After acquiring the manor in 1845, Robert Scott's main contribution to the fabric of the church was the insertion of a double iron-framed window in the south-west corner of the nave, then the only one on the south side of the church. This type of window, with distinctive lancet lights at the top, was installed c. 1850 in farms, houses and inns throughout the Scott estates. Many examples can be seen in the parishes of Norbury, Ratlinghope and Wentnor, though they are gradually being replaced by modern windows. The oak communion table, dated 1844 and bearing the initials TD CP JW, is of this period, though the wrought-iron communion rail appears to be mid-Georgian.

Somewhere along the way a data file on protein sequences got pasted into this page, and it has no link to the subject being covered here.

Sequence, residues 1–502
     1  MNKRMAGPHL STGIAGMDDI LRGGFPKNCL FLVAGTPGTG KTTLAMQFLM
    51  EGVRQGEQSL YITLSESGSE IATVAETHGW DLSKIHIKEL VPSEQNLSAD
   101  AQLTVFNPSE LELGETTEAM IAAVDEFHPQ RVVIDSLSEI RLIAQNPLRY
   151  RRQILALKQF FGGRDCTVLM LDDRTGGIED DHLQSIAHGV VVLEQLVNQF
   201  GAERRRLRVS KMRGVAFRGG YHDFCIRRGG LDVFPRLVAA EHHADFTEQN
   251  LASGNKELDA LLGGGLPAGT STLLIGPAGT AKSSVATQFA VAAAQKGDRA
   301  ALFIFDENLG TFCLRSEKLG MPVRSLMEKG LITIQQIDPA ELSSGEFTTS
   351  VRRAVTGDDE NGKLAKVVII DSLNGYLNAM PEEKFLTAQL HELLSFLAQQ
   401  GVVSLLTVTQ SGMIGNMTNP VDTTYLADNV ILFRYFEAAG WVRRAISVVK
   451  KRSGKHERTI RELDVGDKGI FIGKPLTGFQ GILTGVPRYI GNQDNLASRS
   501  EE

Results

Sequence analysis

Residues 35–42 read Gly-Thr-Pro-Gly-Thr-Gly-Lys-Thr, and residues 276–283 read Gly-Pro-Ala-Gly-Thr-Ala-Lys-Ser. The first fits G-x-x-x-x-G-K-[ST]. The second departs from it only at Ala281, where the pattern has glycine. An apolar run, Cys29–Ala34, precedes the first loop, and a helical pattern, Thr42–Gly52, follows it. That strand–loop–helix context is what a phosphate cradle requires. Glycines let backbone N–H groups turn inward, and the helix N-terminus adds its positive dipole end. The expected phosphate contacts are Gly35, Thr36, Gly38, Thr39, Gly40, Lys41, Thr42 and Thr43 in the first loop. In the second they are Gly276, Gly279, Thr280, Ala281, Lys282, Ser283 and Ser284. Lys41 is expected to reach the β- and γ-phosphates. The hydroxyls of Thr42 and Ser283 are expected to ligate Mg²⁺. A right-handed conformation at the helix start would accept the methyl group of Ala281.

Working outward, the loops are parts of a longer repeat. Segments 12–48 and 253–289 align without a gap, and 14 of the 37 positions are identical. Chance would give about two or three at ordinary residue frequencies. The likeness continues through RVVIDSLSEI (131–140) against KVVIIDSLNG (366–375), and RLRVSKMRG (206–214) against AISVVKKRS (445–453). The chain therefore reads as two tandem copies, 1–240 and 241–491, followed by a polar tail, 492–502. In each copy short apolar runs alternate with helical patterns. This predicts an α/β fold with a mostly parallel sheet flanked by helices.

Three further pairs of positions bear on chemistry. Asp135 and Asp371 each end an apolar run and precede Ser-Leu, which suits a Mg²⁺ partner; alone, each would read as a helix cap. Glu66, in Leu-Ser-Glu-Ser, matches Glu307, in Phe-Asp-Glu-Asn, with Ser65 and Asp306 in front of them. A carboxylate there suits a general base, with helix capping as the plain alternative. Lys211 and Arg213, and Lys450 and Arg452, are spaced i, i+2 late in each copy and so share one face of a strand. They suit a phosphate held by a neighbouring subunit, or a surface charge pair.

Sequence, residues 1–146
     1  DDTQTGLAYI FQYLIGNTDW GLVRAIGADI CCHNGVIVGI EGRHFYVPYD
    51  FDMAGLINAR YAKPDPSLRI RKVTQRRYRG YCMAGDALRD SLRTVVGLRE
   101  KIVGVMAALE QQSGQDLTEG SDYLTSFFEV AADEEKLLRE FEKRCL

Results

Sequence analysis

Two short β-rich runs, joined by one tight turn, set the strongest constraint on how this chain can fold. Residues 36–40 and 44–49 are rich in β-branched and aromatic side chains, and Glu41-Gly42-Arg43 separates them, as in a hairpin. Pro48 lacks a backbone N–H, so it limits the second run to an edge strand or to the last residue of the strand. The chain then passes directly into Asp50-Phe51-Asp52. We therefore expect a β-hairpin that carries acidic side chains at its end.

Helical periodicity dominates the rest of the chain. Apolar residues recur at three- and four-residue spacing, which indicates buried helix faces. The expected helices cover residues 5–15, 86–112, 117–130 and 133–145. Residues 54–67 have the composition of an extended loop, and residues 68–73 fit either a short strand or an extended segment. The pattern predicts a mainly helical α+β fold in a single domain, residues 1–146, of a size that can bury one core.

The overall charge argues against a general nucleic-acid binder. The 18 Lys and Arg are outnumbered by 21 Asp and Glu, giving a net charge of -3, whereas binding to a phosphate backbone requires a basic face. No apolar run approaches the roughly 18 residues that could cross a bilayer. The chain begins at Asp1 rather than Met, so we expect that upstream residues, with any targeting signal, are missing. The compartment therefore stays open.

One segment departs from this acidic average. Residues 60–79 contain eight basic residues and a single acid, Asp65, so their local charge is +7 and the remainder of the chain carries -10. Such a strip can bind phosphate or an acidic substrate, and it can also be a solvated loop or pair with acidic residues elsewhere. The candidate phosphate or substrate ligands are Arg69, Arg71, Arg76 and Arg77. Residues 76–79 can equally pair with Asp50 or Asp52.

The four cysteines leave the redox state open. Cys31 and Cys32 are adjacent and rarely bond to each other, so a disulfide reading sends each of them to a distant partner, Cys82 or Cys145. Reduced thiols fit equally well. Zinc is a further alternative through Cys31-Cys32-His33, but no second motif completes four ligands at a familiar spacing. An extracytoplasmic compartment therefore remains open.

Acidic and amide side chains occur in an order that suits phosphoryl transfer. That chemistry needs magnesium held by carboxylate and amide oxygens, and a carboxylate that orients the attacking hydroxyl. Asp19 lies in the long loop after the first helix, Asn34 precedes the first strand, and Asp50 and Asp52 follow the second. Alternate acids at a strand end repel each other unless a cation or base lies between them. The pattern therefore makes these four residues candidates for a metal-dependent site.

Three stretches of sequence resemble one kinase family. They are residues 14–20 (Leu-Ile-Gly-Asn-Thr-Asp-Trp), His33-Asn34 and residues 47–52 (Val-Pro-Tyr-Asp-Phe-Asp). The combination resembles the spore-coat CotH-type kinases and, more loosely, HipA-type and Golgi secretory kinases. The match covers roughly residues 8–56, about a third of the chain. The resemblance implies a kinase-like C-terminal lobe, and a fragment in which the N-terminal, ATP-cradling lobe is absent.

A major restoration of the church was undertaken in 1904/5 by Scott's daughter-in-law, Mahlah, in memory of her husband's family and also her parents, who lived at Cradley in Worcestershire. The main structural alteration was the replacement of all the existing windows and the provision of two additional ones in the south wall, all in neo-Gothic style. The three-light east window is a memorial to Robert, his wife Sarah, and his son John Charles Addyes-Scott. It portrays the incident in the temple at Jerusalem (Luke, 2, 41-50); Jesus, then twelve years old, is depicted in the centre light 'in the midst of the doctors, both hearing them and asking them questions'. Peering over a wall are an anxious Joseph and Mary. The window in the south wall of the chancel, a conventional 'Madonna and Child', is in memory of Scott's two daughters, Mary and Annie, and one in the south wall of the nave, depicting the Good Shepherd, is dedicated to Mahlah's parents. The replacement of Robert Scott's iron-framed window contains clear glass.